Wednesday, August 03, 2005

Paid More and Punished Less

There is a doctor shortage in Arizona. Is this a harbinger of things to come for the rest of the United States as more doctors retire (from aging) or quit (from burnout), and the Baby Boomers of yesterday gradually becomes the Greying Boomers of today?
When Barbara Straining learned it would be more than a month to see a doctor for another bout of bronchitis, she called her physician "back home" in New Jersey to ask him to phone in two prescriptions to a Valley pharmacy.

The quick-fix strategy worked, and the 54-year-old Straining quickly recovered.

But Straining, who moved to Paradise Valley in September with her husband, remains frustrated by the long waits to see a physician and the number of doctors who aren't taking new patients.

Arizona has a large number of health maintenance organizations, or managed-care plans. In fact, about 60 percent of the state's residents who are insured commercially are in managed-care plans, according to the Jim Hertel, publisher of the Arizona Managed Care Newsletter.

Many doctors complain that low reimbursement rates from these plans hurt physicians' income, forcing them to pack in more patients per day and increasing burnout and early retirements.

Still, Dr. Sebastian Lopez, a Phoenix surgeon, said his malpractice premium of $80,000 is hard to swallow in light of low reimbursement rates.

"The answer to the doctor shortage? The answer is we need to get paid more, and we need to get punished less. You can't have somebody who is overworked, underpaid and abused," he said.

Those complaints are being heard in medical schools, where doctors-in-training are choosing non-traditional fields to avoid areas like family practice or delivering babies.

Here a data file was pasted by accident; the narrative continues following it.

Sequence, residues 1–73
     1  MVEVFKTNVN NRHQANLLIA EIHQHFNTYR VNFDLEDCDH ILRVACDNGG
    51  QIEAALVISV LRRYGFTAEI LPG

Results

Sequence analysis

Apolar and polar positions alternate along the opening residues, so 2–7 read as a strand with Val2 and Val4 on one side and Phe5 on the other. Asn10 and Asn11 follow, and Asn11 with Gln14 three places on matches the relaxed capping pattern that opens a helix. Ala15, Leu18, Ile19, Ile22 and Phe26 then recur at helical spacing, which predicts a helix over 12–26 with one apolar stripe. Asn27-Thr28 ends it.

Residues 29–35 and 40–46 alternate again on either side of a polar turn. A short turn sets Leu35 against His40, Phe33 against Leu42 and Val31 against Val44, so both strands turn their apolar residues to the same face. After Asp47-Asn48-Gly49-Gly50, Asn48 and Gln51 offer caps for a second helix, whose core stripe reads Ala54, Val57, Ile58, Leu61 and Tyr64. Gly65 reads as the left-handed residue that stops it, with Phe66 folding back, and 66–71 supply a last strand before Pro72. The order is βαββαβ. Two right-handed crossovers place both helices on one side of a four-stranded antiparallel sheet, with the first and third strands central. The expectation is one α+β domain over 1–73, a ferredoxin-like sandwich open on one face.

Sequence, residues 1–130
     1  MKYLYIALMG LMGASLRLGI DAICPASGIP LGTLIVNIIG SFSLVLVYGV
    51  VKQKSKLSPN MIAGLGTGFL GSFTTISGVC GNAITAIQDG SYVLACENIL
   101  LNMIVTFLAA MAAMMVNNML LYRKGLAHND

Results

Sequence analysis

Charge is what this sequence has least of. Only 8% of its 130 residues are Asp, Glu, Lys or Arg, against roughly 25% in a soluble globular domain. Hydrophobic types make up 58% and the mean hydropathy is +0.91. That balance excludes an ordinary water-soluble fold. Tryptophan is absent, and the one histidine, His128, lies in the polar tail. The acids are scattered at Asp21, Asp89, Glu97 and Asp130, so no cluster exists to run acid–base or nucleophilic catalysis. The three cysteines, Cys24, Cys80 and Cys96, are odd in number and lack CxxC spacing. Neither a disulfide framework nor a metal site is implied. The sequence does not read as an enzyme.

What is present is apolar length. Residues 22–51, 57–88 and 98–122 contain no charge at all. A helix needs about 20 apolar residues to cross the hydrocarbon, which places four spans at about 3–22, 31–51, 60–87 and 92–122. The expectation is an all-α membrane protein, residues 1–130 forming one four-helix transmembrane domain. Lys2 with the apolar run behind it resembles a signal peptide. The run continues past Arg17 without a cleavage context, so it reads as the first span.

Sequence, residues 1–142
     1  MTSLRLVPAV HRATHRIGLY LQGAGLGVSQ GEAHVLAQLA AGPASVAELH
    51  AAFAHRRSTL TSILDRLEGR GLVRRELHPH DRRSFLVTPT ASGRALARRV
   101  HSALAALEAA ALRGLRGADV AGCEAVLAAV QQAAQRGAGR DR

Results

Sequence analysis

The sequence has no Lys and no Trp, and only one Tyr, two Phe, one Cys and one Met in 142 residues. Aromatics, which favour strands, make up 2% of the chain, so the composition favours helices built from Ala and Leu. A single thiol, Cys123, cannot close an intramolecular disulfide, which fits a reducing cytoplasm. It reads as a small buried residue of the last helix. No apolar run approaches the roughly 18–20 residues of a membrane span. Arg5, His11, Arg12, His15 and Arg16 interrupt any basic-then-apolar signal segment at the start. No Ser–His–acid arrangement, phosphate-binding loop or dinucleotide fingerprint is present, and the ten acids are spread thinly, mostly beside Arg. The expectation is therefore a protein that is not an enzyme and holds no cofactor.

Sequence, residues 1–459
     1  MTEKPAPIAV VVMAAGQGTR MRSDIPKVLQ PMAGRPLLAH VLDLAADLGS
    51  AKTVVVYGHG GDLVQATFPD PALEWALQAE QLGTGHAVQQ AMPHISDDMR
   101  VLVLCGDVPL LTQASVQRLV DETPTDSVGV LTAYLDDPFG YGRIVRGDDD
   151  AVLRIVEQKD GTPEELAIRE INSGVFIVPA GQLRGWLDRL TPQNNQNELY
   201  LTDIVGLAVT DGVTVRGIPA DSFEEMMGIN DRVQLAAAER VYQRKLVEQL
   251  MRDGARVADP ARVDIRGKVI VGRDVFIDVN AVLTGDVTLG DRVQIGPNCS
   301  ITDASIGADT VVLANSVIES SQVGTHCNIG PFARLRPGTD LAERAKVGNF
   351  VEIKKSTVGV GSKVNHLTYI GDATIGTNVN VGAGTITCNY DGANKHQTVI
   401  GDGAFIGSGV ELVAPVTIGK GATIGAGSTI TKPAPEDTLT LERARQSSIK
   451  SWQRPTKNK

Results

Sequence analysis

I remember hearing the predictions back in the 80s that there would be a glut of doctors. I never understood why they said that, and now I guess it was just plain wrong.

Unfortunately, medicine is a tough field to go into these days. You have to study hard, get high grades, go to school for at least 11 years (usually while racking up a lot of debt). Then when you get out, you are expected to see a lot of patients, work long hours, manage complex problems, struggle to convince people to change their habits, stay on top of medical advances, deal with mounds of paperwork, have your medical decisions second-guessed by insurance administrators, all while making sure you don't screwup and get sued.

Most of the primary care doctors that I've talked to lately are dissatisfied. One family doctor I met said he works from 7AM and doesn't get home until 11PM, and only sees his family awake every few days. Another family doctor I know came home from work one day to find that his wife of many years had packed up the kids and left him because he was spending so much time working. Medicine is still a noble profession, but altruism can only go so far in attracting new doctors in this kind of environment.

I agree with the suggestion in the article above, that in order to attract more people into the medical profession, doctors need to get paid more and punished less. American society is going to have to give people more reasons to go into (and stay in) medicine and less reasons to avoid it as a profession. Otherwise, what's happening in Arizona will eventually be coming to your town, too.